Europe 2.0. Rethinking the philosophical foundations of human rights in the context of European integration.
Dr. Michał Urbańczyk
Adam Mickiewicz University in Poznań (Poland)
Summary. The wave of refugees who came to Europe in recent times caused one of the most serious political crises . European politicians, philosphers and citizens have to face the need to reform the European idea of the community (no matter whether we are talking about a society or a nation), especially in the context of its foundations, internal relations and relations between the majority and the various minorities and its rights and liberties.
Michał Urbańczyk, Ph. D. in Law, currently serves as lecturer/assistant professor at the Faculty of Law and Administration (Chair of Political and Legal Doctrines and Philosophy) at Adam Mickiewicz University (Poznań) where he teaches the courses of Freedom of Speech and its Limits in Law, Political and Legal Doctrines, Contemporary Political Ideologies, Current Problems of the European Union, Models of Representative Democracy. He is a member (and founding member) of Polish Society of Political Thought (PTMP), member of The Poznań Society of Friends of Sciences (PTNP). He was an expert in the project “Society for Tolerance” which aims at publicizing and enhancing efficiency of activities performed since 1999 by Open Republic, Association against Anti-Semitism and Xenophobia, i.e. combating all forms of racism, anti-Semitism, xenophobia and other attitudes offending human dignity.
Citizenship of the EU – question of identity.
Prof. Dr. Barbara Mielnik
University of Wroclaw (Poland)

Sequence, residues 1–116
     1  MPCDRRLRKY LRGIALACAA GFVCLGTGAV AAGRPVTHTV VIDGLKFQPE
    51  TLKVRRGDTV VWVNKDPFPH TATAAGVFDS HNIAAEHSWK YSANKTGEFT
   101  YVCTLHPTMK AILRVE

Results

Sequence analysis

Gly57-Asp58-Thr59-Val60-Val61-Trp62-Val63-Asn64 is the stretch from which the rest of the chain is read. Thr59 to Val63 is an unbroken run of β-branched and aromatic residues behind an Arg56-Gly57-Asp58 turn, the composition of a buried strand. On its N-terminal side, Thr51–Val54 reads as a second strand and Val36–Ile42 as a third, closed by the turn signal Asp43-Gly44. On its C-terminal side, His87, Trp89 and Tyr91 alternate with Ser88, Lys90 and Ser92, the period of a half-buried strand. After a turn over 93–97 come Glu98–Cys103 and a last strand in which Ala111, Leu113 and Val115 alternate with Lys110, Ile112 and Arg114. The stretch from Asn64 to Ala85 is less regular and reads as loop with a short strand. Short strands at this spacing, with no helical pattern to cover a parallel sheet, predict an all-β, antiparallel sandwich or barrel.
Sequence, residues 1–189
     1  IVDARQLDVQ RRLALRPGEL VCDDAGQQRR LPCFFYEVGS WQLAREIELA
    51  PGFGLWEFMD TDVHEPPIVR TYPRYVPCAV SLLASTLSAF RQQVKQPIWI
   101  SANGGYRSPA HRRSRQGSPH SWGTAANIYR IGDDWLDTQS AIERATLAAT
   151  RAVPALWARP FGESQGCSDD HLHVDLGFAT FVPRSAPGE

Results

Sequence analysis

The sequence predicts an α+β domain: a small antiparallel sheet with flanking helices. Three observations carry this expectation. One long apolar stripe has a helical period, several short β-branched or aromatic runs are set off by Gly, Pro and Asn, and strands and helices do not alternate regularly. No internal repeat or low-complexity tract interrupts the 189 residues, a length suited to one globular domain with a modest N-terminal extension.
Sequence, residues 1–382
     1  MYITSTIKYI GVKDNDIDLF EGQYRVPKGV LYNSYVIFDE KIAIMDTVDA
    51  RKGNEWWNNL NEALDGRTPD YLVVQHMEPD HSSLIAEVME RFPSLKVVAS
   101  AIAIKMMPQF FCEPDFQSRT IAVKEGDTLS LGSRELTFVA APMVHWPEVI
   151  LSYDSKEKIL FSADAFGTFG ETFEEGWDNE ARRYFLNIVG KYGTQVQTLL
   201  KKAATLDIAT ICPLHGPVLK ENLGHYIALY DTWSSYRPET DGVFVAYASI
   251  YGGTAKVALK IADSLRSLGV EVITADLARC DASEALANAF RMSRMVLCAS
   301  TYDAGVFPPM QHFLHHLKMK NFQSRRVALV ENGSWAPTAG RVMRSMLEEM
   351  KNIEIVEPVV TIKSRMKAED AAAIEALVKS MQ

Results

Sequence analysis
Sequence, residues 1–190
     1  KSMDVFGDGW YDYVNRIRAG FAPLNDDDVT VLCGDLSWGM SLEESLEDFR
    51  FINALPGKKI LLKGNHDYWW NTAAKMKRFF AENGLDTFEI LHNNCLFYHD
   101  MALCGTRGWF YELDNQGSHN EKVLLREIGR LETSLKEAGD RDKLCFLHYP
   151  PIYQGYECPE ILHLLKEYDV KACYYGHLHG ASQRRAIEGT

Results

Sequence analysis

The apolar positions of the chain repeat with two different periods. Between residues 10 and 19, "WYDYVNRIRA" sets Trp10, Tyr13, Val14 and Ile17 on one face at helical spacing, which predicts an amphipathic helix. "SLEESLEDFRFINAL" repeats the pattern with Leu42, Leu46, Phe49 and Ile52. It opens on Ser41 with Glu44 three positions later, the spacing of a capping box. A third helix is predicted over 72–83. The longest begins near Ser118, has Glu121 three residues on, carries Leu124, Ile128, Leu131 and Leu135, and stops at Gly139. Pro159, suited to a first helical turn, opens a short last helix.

Summary. Citizenship of the UE- general introduction to the EU citizen’ rights – European identity – common heritage and values – more national or European – European or European Union identity – current problems with new dimension of integration – communication and understanding.
Barbara Mielnik is a professor at the Chair of Public International an European Law, Faculty of Law, Administration and Economics of the University of Wrocław, Poland. She teaches the courses of Public International Law, Law of International Organizations, Non – State Actors of International Law, Regional Cooperation. She is a member of International Law Association – Polish branch.
Woe to the hexagon of values through which the occasion cometh!
Dr. Marine Toullier
Rouen University (France)
Assoc. prof. dr. Marine Toullier holds her Ph.D. from University Paris I Pantheon-Sorbonne since 2013. Since 2007, Director of the International Relations of the Law Faculty. Since 2005 Senior Lecturer at Rouen University, mostly on European Protection of Human Rights, European Union Litigation and European Convention on Human Rights litigation, Legal Methodology (Erasmus Mundus students), Fundamental Rights and Freedoms, Freedoms and liberties, graduate and post-graduate. Extensive teaching abroad, namely in the Consortium universities, but also in Italian universities (she is a trilingual French, English and Italian).
The Rule of Law as a Principle of the EU: A Concept in Search of its Definition
Prof. Dr. Fulvio Maria Palombino
University of Naples Federico II (Italy)
Summary. The existence of a European Rule of Law is commonly argued by legal writers, but the question remains as to whether this term of art may be clearly defined. The scope of this presentation is to answer the question, and in particular to investigate it from both a theoretical and practical angle.
Prof. Dr. Fulvio Maria Palombino currently serves as full professor of international law at the Department of law, where he teaches Public International Law and International Trade Law. He is the author of two monographs dealing with international adjudication broadly understood, and of several contributions to journals of international reputation, among them the Leiden Journal of International Law, the Heidelberg Journal of International Law and the Journal of International Criminal Justice. He is one of the founding chairpersons of the ESIL (European Society of International Law) Interest Group on International Courts and Tribunals.
Conflicting Constitutional Values: Autonomy of EU Legal Order v. Human Rights?
Mykolas Romeris University (Lithuania)